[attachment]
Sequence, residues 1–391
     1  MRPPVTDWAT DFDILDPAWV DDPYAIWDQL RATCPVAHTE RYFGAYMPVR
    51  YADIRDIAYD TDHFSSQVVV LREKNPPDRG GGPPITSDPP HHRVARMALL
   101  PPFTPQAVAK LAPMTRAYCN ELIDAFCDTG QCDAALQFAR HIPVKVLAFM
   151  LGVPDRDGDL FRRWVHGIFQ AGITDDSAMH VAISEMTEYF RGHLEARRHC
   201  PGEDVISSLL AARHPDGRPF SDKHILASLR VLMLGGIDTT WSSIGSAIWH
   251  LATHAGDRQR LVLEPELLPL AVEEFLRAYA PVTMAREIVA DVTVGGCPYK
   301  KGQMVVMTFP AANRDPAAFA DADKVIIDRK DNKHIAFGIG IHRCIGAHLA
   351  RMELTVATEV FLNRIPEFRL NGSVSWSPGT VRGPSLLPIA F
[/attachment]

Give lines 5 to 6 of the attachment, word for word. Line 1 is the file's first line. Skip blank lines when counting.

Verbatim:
   151  LGVPDRDGDL FRRWVHGIFQ AGITDDSAMH VAISEMTEYF RGHLEARRHC
   201  PGEDVISSLL AARHPDGRPF SDKHILASLR VLMLGGIDTT WSSIGSAIWH